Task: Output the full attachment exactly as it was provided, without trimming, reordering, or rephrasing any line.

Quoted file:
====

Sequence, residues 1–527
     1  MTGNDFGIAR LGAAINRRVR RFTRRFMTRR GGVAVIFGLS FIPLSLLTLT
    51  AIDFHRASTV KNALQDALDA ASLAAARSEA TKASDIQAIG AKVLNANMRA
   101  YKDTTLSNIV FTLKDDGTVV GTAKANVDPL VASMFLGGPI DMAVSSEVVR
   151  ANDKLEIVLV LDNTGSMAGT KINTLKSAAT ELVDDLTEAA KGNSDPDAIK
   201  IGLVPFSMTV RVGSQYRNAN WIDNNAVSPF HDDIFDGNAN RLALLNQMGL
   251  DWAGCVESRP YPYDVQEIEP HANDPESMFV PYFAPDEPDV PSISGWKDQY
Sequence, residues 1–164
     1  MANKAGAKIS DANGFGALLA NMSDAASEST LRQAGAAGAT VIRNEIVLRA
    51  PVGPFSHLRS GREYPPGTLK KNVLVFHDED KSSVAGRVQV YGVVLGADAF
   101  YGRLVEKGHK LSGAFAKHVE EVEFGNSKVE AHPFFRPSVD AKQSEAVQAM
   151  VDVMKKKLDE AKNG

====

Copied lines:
Sequence, residues 1–527
     1  MTGNDFGIAR LGAAINRRVR RFTRRFMTRR GGVAVIFGLS FIPLSLLTLT
    51  AIDFHRASTV KNALQDALDA ASLAAARSEA TKASDIQAIG AKVLNANMRA
   101  YKDTTLSNIV FTLKDDGTVV GTAKANVDPL VASMFLGGPI DMAVSSEVVR
   151  ANDKLEIVLV LDNTGSMAGT KINTLKSAAT ELVDDLTEAA KGNSDPDAIK
   201  IGLVPFSMTV RVGSQYRNAN WIDNNAVSPF HDDIFDGNAN RLALLNQMGL
   251  DWAGCVESRP YPYDVQEIEP HANDPESMFV PYFAPDEPDV PSISGWKDQY
Sequence, residues 1–164
     1  MANKAGAKIS DANGFGALLA NMSDAASEST LRQAGAAGAT VIRNEIVLRA
    51  PVGPFSHLRS GREYPPGTLK KNVLVFHDED KSSVAGRVQV YGVVLGADAF
   101  YGRLVEKGHK LSGAFAKHVE EVEFGNSKVE AHPFFRPSVD AKQSEAVQAM
   151  VDVMKKKLDE AKNG